Fed set to give economy therapy, not shock treatment

Sep 14, 2011, 4:56 a.m.
Chairman of the Federal Reserve Ben Bernanke reacts while testifying before the Senate Banking, Housing and Urban Affairs Committee about "The Semiannual Monetary Policy Report to the Congress" on Capitol Hill in Washington, July 14, 2011. REUTERS/Larry Downing

However, Fed officials are sharply divided over the need for more action. Any easing, including the smaller step of reweighing the portfolio, is likely to draw three dissents, as did the Fed's August 9 decision to say it expected to hold interest rates ultra-low at least until the middle of 2013.

While Bernanke would probably like to show the greatest possible Fed unity for any action, analysts do not see the prospect of dissents as an impediment to action.


The move to buy longer-dated government debt has a history: Operation Twist, which ran from 1960 to 1965. That program was an effort to both tackle a recession and shrink a lingering trade deficit but was not an effort to expand monetary policy.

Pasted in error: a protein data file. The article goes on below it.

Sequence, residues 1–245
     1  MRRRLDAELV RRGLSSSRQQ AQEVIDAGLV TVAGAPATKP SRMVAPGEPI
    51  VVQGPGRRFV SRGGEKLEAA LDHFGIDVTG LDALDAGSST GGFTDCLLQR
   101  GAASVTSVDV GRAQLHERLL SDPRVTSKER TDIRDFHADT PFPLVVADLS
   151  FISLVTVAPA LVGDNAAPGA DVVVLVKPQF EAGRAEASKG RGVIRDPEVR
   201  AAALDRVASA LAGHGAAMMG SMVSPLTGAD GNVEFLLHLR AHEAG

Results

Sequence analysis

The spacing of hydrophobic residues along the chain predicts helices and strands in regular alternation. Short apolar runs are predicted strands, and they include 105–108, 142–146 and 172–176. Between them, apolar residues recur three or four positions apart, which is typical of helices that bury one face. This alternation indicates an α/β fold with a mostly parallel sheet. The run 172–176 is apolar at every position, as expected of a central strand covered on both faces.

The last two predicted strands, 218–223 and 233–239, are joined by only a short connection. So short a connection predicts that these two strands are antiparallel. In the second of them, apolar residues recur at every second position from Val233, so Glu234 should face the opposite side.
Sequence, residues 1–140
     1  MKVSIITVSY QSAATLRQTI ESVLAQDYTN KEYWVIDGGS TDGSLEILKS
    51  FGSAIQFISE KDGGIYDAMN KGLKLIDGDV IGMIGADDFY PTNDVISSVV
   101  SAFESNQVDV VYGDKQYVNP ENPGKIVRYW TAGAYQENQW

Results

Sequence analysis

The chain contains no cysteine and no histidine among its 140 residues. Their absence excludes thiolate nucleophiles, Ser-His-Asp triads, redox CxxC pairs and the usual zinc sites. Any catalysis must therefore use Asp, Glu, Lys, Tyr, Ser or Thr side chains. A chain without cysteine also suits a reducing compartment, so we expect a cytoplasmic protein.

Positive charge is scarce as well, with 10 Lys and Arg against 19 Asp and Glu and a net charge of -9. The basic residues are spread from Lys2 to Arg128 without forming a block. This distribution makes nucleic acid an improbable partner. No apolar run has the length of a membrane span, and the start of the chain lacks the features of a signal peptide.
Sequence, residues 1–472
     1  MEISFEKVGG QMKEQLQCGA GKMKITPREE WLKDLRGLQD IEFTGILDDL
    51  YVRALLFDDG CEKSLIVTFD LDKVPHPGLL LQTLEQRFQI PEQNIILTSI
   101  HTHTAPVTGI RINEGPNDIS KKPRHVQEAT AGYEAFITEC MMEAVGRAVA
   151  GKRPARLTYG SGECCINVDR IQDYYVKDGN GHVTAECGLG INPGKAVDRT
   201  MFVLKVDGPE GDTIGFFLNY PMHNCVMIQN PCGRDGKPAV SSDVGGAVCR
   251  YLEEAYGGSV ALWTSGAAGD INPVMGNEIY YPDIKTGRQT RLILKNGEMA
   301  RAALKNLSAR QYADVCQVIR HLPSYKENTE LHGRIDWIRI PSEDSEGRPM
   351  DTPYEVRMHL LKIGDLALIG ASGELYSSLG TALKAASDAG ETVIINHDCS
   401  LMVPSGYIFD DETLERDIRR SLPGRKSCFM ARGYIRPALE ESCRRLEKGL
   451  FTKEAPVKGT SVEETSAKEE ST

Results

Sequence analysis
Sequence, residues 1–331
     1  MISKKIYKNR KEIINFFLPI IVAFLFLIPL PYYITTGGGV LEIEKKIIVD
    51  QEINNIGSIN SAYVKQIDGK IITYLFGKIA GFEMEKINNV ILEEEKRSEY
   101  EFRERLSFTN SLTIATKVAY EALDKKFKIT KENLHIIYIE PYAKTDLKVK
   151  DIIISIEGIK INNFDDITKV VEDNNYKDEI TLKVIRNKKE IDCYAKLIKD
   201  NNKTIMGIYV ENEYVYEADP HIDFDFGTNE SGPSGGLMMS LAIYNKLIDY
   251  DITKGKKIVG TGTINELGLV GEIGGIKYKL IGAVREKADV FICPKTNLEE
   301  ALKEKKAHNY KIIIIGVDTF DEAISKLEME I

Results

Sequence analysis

Fed officials will have to decide how bold they will be with Twist II. A modest approach would be for the Fed to simply replace maturing securities with longer-term ones. An alternative approach would have the Fed actively selling short-term securities to buy longer-dated debt.

Because the roll-off of assets from the Fed's balance sheet is variable and depends on mortgage markets, some analysts think the Fed will opt for sales and purchases to provide regularity and predictability.

"They would want to announce a specific schedule," said Alan Levenson, chief economist for T. Rowe Price.

The more dramatic step of buying more bonds outright, while likely to be criticized for risking inflation, cannot be ruled out entirely either.

"You wouldn't want to do that until you're so desperate you need to do something big," said Eric Green of TD Securities. A full-blown debt default crisis in Europe might be just such a catalyst, he said.

(Editing by James Dalgleish)

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